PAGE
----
1. Peasant uprising 184 BCE
                     2. Yellow Turbans – secret society – anti-Han support
                     3. Ended dynasty – led to Three Kingdoms
             14. Outside invaders made it tough to protect borders
             15. Similarities to Han and Roman empires
                     1. Large and powerful
                     2. Conquests plus effective administration
             16. Next 350 years state of chaos
       4. Three Kingdoms (220-265 CE) – three domains
             1. Wei – northeast
             2. Shu – west
             3. Wu – south and east
             4. Balance – two kingdoms balance out third
                     1. Wei grew more powerful – reunited in 265
3. India
       1. Aryans (1500 BCE)
             1. Lighter skinned Aryans + Darker skinned Dravidians
             2. About 600 BCE – divided into 16 states
             3. At first establish warrior aristocracy/enslaved Dravidians
       2. Maurya Empire (321-185 BCE)
             1. strong centralized
             2. Promoted trade and communication
             3. After brief period of rule Alexander the Great
                     1. 330-321 BCE
             4. Regional lord – Chandragupta Maurya
             5. Powerful military
             6. Greatest ruler – Ashoka
                     1. Successful warrior – converted to Buddhism
                     2. Turned away from military conquest
                            1. Disgusted by bloody victory over Kalinga
                                     1. Preached nonviolence/moderation
                     3. Building projects undertaken
                     4. Admired for justice and attempts to create harmony between religions
                     5. Rock and Pillar Edicts – billboards
                            1. Live generous and righteous lives
                     6. Missionaries sent out to spread Buddhism
                            1. Brahmins lost power – angered
                     7. w/ death Brahmins undermined
                            1. Buddhism pushed to fringe of empire
     3. collapsed due to attacks from outsiders
     4. large, efficient bureaucracy
             1. maintain order, collect taxes, build infrastructure
     5. Gupta Empire (320 to 550 CE)
             1. ruled through central gov’t allowed village gov’ts power
             2. Advantageous alliances and military conquests
             3. More decentralized/smaller – “golden age”
             4. Firm supporters of Hinduism
                     1. Brahmins restored to traditional role – advisors/gurus
             5. Control based on local lords
                     1. Paid tribute for local autonomy
             6. One of the more peaceful/prosperous eras
             7. Around 450 CE Northern invaders brought Gupta empire to slow end
     6. much order from caste system/Hinduism
4. Mediterranean
     1. Persian Empire – Cyrus the Great – system of provinces w/ governors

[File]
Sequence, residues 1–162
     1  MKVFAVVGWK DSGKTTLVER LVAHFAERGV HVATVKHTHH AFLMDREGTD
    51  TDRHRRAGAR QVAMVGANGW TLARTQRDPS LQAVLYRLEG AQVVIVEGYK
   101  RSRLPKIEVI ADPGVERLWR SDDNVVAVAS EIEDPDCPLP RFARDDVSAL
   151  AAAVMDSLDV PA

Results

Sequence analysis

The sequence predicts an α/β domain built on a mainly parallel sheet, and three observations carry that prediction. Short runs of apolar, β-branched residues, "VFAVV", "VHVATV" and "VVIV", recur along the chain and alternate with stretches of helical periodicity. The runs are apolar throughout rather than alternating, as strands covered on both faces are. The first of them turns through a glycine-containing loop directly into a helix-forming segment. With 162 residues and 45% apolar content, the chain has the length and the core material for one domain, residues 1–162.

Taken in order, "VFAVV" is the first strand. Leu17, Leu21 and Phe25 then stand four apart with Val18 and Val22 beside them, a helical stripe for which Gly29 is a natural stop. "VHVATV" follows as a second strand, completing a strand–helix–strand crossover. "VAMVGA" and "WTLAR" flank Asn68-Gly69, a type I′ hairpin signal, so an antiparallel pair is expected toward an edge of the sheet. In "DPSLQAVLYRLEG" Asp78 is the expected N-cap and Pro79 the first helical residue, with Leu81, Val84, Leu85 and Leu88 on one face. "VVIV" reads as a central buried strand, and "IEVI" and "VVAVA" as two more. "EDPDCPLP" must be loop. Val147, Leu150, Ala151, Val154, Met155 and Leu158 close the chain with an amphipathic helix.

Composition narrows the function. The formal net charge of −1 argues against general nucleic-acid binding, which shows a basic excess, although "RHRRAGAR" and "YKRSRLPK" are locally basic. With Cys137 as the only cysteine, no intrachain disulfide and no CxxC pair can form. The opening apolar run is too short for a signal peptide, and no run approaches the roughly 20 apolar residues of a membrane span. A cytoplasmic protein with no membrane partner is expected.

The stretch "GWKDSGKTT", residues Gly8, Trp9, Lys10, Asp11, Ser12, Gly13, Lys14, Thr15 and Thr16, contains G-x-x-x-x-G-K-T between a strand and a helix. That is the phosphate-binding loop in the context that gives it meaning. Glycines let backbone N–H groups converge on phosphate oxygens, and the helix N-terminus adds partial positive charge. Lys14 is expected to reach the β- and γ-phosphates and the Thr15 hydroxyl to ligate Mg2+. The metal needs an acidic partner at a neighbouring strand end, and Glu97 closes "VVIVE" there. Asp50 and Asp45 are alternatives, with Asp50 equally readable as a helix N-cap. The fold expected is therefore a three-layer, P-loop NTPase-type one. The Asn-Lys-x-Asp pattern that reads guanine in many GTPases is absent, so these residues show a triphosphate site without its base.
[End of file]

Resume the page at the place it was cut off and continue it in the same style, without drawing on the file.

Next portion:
1. Single code of laws
     2. Greece – not single political system/city-states
             1. Prevented from being united – terrain/islands
             2. Independent and competing
                     1. Needed to be militarily powerful
                     2. Civil wars plus expansion to new colonies
                     3. Constant conflict between self and outsiders
             3. polis – city-state – politics
             4. Most oligarchies – narrow, elite families
                     1. Transition to democracy gradual
                            1. Monarchy > aristocracy > democracy
                            2. Draco and Solon – fair, equal, firm laws
             5. Key city-states
                     1. Athens – democracy – others dictatorship, oligarchy
                            1. Direct democracy – male citizens – lot – general assembly
                                     1. Height under Pericles – 462-429
                            2. even with restrictions, most representative government in ancient world
                     2. Sparta – rigid, slave-holding dictatorship
                            1. most effective/feared army
             6. Persian Wars (492-479) led to Athenian dominance
                     1. Golden Age of Pericles – Delian League
             7. Followed by Peloponnesian War
                     1. Led to Greek weakening
                                    1. Open to Persian influence
                                    2. Invasion from North – Macedon – Philip II
                     8. Philip II son – Alexander the Great
                            1. 33 – exhaustion, alcoholism, fever
                            2. campaign – 40,000 troops, 20,000 miles, 3600 days
              3. Roman Republic –
                     1. Senate from patrician class, two consuls, tribunes protect interests